Rory Gallagher, known as the People’s Guitarist, was an Irish blues star who was modest, passionate, and all about the music and his Fender Strat. It’s little wonder the Ballyshannon musician is still celebrated today.

Gallagher told Rolling Stone in 1972: “It seems a waste to me to work and work for years and just turn into some sort of personality."

Although he was only 23 when he said this, he certainly stuck to his guns and became known for his non-stop touring and his talent.

Born in Ballyshannon, Co Donegal and brought up in Co Cork, Gallagher, whose albums have sold in excess of 30 million copies worldwide, has a dedicated fanbase around the world, including notably U2's The Edge and Slash.

During the 1970s, Gallagher was invited to play on Chess Records’ “London Sessions” with Jerry Lee Lewis and Muddy Waters. He also recorded with The Rolling Stones and was once in the running to replace Mick Taylor but chose to return to his own band. He toured alongside Bob Dylan and was good friends with Van Morrison.

After forming the band Taste during the late 1960s, Gallagher recorded solo albums throughout the 1970s and 1980s. He was a talented guitarist known for his charismatic performances and dedication to his craft.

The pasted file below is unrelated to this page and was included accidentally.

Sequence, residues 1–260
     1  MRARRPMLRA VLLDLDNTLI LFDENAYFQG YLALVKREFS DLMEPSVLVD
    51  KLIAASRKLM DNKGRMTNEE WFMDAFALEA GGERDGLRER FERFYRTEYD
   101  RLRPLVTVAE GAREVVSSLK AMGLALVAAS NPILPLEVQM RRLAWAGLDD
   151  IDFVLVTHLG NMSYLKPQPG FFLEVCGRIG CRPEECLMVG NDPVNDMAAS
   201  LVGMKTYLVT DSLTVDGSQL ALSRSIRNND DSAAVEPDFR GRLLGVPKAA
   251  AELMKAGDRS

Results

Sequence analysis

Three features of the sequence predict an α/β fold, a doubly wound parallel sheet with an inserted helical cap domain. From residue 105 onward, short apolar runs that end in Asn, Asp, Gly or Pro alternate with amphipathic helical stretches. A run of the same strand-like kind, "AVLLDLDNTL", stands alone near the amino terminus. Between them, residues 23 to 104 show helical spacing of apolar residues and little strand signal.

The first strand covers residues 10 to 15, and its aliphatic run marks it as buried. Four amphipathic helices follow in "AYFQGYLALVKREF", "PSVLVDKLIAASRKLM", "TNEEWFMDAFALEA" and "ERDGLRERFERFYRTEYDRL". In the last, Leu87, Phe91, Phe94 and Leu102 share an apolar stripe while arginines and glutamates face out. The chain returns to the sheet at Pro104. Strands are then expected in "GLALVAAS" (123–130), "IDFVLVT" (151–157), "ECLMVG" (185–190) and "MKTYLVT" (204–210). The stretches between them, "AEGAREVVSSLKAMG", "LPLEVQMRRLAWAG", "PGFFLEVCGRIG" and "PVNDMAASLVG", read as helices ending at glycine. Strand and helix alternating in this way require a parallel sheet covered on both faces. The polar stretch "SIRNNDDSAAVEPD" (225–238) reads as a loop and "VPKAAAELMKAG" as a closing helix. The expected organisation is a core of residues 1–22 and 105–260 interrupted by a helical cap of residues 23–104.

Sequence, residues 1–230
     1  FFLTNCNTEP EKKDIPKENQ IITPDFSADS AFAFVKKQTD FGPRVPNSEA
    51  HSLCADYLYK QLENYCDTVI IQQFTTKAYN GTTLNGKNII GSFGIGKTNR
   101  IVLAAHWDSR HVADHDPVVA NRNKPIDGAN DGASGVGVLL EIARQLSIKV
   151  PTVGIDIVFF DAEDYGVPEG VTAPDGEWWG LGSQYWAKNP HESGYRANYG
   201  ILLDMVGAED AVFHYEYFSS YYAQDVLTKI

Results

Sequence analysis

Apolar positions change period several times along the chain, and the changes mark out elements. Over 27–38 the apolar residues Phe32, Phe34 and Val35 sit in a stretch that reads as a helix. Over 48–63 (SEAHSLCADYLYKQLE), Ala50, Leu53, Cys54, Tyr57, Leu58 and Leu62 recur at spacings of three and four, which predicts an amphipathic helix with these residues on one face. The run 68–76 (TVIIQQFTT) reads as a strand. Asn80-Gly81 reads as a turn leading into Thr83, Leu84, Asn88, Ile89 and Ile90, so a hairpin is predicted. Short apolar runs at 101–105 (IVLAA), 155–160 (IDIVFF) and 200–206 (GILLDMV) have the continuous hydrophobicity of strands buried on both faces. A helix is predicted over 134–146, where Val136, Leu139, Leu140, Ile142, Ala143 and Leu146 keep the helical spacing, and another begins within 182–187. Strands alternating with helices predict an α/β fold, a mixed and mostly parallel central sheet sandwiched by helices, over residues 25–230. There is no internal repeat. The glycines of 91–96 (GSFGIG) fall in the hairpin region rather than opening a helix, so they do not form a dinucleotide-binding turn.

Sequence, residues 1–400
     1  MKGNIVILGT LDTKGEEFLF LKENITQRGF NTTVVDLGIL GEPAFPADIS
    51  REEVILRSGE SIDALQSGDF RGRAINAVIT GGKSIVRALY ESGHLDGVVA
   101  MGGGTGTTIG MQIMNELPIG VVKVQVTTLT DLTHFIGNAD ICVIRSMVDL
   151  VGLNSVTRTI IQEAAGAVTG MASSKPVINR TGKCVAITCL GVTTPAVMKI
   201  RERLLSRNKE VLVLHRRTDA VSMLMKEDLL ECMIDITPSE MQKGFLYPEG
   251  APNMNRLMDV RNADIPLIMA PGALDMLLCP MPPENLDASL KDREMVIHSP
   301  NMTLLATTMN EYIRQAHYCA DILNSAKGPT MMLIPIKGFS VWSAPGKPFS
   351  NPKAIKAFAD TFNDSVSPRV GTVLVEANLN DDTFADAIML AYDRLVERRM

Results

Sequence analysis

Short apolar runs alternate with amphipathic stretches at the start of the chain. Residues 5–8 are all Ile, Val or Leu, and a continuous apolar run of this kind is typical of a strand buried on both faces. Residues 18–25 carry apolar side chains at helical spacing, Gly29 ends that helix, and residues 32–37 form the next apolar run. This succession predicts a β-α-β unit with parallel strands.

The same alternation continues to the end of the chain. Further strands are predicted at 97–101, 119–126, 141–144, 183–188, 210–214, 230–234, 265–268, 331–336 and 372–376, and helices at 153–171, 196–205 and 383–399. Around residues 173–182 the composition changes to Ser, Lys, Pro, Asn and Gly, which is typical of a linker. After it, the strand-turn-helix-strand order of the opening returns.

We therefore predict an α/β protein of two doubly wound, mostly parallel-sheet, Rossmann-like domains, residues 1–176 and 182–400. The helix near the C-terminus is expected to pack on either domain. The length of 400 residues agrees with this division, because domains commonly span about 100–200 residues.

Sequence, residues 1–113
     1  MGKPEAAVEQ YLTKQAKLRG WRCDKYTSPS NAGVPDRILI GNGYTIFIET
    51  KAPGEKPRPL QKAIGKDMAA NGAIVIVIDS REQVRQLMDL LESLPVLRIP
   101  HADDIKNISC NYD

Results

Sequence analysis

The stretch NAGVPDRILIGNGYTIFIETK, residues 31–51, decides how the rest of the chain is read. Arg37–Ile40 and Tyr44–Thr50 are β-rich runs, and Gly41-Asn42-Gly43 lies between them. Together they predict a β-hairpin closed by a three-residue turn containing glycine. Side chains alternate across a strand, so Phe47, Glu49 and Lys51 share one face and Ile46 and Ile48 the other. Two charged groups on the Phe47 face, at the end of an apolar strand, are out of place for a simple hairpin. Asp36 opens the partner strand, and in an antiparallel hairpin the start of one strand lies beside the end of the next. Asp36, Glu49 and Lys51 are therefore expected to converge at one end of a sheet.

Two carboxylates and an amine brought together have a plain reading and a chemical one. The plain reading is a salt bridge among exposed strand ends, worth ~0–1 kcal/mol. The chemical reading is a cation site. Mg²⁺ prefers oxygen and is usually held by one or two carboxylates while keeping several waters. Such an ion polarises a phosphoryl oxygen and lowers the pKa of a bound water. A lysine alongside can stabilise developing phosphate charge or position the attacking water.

Following Taste’s split in 1971, the Donegal man formed The Gallagher with Wilgar Campbell on drums and Gerry McAvoy on bass and released a succession of albums. Among the most successful were "Rory Gallagher" (1971), "Deuce" (1971), and "Live in Europe" (1972).

Sadly, Gallagher died in London on June 14, 1995. He was 47.

"Rory was one of the hardest working musicians around," the Melody Maker journalist Roy Hollingworth remembers.

"The biggest shame about him was that he never really made it in the United States, yet he was one of the best blues guitar players.

"He had true grit…that Irish soul to his playing that the British blues guitarists never had.''

Hollingworth said: "He was an exceptional songwriter. He could play loud and exciting guitar, but the guy was also a poet in the Irish tradition.

"Some people said he was hard to work with, but it was always his band and he had to be the boss…He liked his Guinness, but he was not a raver. He just wore himself out over the years, playing night after night."

* Originally published in 2012. Last updated in March 2024.